This article explores exclusion and sense of displacement through the austerity experiences of young adults in Ballymun, a disadvantaged urban neighbourhood in Dublin, Ireland. Such youth encountered exclusion on the labour market, urban housing, and support services. As austerity intensified urban exclusion, youth’s affective relations with their neighbourhood, their city, and the state transformed. Using the concept ‘at-homeness’, it is argued that reduced income and funding for social services resulted locally in a partial ‘sense of displacement’. Nationally, the class character of austerity reduced sense of belonging as youth felt betrayed and unfairly treated. It is argued that social, economic and political developments affect at-homeness, and that reduced sense of belonging induced by austerity can lead to a sense of displacement, not through physical movement, but by estrangement from the places one inhabits through processes of abandonment. Therefore, sense of displacement is expanded beyond gentrification as it can emerge from socio-economic transformations in a more-or-less stable physical and demographic environment.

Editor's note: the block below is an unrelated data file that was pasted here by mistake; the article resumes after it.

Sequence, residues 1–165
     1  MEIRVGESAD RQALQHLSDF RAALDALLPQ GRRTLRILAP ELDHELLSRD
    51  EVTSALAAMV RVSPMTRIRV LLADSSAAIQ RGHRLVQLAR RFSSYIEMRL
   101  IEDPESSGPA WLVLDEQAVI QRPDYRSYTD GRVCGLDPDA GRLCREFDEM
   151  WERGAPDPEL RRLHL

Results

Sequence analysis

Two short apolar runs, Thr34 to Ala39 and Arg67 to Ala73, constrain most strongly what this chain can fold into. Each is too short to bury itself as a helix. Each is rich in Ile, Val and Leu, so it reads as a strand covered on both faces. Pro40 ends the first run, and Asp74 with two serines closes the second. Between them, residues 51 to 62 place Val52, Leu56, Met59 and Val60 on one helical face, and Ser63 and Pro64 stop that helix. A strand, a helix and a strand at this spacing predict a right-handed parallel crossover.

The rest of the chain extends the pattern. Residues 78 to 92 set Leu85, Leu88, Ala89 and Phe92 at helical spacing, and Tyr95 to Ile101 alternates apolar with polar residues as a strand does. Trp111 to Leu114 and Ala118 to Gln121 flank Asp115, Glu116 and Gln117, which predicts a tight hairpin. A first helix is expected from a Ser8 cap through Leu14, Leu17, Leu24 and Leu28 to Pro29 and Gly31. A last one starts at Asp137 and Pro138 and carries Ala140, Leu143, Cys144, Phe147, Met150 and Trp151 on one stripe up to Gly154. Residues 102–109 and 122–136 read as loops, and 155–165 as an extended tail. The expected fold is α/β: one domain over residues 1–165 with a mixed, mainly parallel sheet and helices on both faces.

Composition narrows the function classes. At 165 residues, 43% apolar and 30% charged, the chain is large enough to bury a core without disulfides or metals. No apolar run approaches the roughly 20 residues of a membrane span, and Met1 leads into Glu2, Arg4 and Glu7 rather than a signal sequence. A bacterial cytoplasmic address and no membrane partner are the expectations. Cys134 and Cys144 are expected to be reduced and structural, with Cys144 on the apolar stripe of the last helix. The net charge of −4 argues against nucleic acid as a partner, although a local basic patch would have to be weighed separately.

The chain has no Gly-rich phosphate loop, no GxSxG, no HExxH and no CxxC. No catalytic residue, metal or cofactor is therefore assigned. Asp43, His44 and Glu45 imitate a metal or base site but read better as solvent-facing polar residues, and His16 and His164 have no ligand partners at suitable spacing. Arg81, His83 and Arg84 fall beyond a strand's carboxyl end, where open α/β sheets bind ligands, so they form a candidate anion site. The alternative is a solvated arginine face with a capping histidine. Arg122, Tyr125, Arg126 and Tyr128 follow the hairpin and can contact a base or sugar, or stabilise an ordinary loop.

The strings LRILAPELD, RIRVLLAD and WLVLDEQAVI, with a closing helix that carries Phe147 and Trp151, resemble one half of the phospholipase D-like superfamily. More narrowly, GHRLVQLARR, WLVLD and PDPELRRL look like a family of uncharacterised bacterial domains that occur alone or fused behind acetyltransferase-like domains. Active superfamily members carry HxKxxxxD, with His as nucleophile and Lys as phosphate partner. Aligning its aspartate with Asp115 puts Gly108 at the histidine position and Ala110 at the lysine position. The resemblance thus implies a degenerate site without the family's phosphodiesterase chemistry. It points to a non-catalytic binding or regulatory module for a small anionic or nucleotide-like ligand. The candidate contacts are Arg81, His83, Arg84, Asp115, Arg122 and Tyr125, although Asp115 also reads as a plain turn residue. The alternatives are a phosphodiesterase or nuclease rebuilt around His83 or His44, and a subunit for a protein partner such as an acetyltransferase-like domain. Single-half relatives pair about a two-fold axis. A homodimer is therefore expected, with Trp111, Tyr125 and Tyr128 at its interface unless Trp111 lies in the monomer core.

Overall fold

|Number of pages||12|
|Journal||ACME : an International E-journal for Critical Geographies|
|Publication status||Published - 15-Apr-2020|